Europe midday: Stocks take moderate hit as rout in Turkish assets gathers momentum
Stocks are under the cosh at the end of the week as the rout in Turkey's currency extends, although for the moment at least the reverberations throughout global capital markets appear to be rather limited.
Nevertheless, and as analysts at Capital Economics pointed out, Turkish authorities had managed to back themselves into a bit of a corner.
"Turkey seems to have been on the brink of a crisis several times this decade, only for the central bank to do just enough to steady the ship. But there are reasons to think that emergency interest rate hikes during the current currency crisis might only provide fleeting relief.
"[...] The lessons from other countries that have managed to restore macroeconomic stability after a currency crisis is that they need tight fiscal and monetary policy for a lengthy period of time, usually under the auspices of an IMF deal. It's not clear that this is politically palatable in Turkey."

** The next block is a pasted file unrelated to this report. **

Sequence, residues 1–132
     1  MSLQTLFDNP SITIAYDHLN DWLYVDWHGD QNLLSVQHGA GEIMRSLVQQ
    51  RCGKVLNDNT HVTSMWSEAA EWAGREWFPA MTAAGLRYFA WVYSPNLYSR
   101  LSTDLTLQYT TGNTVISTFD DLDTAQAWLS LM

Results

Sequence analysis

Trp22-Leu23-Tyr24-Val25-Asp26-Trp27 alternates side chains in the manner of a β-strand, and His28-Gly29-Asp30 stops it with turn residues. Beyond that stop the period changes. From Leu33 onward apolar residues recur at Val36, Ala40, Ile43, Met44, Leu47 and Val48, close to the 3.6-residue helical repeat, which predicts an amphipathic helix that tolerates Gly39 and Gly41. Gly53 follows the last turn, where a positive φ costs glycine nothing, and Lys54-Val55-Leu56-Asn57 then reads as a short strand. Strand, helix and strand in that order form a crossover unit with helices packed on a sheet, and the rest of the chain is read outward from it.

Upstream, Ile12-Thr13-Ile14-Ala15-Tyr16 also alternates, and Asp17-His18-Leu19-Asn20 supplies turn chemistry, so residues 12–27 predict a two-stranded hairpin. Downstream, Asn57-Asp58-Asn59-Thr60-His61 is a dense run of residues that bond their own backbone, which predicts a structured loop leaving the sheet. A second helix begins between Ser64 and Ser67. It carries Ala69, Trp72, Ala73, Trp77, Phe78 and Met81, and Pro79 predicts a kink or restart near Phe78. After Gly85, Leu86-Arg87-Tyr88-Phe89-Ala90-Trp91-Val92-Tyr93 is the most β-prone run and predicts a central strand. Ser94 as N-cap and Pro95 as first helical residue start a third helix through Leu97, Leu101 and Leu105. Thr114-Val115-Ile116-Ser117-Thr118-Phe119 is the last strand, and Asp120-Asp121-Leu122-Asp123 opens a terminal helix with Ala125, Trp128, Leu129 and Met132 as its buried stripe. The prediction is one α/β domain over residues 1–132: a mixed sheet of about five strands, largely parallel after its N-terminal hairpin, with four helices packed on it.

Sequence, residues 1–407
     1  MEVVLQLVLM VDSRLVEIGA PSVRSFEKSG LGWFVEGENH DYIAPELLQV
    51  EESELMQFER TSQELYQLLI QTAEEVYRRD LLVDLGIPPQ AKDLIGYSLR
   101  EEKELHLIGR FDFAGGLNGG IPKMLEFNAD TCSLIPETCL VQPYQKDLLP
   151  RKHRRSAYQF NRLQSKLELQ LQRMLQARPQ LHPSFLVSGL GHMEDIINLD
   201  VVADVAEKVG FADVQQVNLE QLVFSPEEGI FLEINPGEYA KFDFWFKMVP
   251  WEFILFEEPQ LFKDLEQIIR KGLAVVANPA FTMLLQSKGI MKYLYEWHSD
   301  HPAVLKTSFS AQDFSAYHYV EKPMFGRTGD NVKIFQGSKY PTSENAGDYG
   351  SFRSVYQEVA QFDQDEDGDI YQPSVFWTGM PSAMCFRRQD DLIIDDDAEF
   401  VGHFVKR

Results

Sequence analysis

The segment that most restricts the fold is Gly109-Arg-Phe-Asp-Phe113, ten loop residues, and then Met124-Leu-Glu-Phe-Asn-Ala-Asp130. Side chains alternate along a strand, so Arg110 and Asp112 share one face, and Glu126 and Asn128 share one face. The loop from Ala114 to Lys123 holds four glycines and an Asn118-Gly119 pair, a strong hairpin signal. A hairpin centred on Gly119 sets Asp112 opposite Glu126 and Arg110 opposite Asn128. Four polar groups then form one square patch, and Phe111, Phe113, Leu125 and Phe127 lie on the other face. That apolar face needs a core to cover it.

As of 1208 BST, the US dollar was jumping by 6.97% to 5.9375 against the Turkish lira, having earlier risen as high as 6.3005. Significantly, euro/dollar was also moving lower, slipping by 0.58% to 1.14604.
Russia's rouble on the other hand was relatively well-behaved, dipping by just 0.33% against the Greenback to 66.8918.
To take note of, amid some 'market chatter' the day before that authorities in Ankara might soon impose capital controls, Turkey's Prime Minister, Recep Tayyip Erdogan, and the country's finance minister were scheduled to make announcements later on Friday.
Meanwhile, in equity markets, the benchmark Stoxx 600 was down by 0.84% or 3.26 points at 386.78, alongside a fall of 1.65% or 208.98 points to 12,466.87 for the German Dax.
Spain's Ibex 35 was slipping 1.07% or 103.90 points to 9,650.70.
As an aside, the yield on the benchmark 10-year Greek government bond was higher by 10 basis points to 4.21%.
European banks with specific exposure to Turkey were in the spotlight, with Spain's BBVA shedding 4.47% on the back of the turmoil in Turkish assets.
Italy's UniCredit was also under the cosh, giving back 3.35%
According to the Financial Times, the European Central Bank was concerned about the two lenders' exposure to the Mediterranean country, as well as BNP Paribas's - although the watchdog reportedly did no yet see the situation as "critical".